Your physical and mental health will benefit from reading, and these advantages can last a lifetime. Early infancy to senior years are when they start. Here’s a quick explanation of how reading books can improve both your body and your brain.
Reading improves brain function.
A rising collection of evidence suggests that reading actually alters your perspective.
Researchers have verifiedTrusted Source that reading includes a sophisticated network of circuits and messages in the brain using MRI images.
These networks also grow stronger and more sophisticated as your reading skills advance.
In a 2013 studyTrusted Source, functional MRI scans were utilised to assess the brain’s response to reading a novel.
Participants in the study read the book “Pompeii” over the course of nine days.
More and more parts of the brain lit up with activity as story tension increased.
Brain scans revealed that during the reading period and for many days later, there was an increase in brain connections, particularly in the somatosensory cortex, the area of the brain responsible for processing physical feelings like pain and movement.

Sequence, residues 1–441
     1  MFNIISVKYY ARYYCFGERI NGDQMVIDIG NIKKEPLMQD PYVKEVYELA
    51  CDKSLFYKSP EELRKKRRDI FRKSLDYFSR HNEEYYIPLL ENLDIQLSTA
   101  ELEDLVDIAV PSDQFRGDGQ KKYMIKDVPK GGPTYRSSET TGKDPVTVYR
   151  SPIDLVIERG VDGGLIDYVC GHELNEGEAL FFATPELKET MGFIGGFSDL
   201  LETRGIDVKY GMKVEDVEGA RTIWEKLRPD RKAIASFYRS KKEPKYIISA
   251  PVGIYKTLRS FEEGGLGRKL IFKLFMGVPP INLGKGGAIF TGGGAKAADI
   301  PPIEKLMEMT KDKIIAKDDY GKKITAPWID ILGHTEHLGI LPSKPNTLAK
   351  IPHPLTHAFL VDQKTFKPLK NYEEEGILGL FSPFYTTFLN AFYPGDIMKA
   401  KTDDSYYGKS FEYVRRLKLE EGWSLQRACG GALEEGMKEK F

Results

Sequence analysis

Reasons parents and kids should read together
The Cleveland Clinic’s doctors advise parents to read to their kids alongside them starting in infancy and continuing through elementary school.
Reading aloud to your kids fosters positive feelings and associations with books, which increases the likelihood that they will like doing it in the future.
It improves academic performance in the future.
Additionally, it broadens one’s vocabulary, improves one’s sense of self, fosters effective communication, and supports the human brain’s natural capacity for prediction.
Improves your capacity for empathy
Speaking of feeling pain, studies have found that readers of literary fiction.
Or works that delve into the inner lives of characters, have a greater capacity to comprehend the thoughts and feelings of others.
This capability is known as the “theory of mind,”
A collection of talents necessary for creating, navigating, and upholding social interactions.
While a single reading of literary fiction is unlikely to produce this emotion.
Studies have found that long-term fiction readers do have more fully formed theories of mind.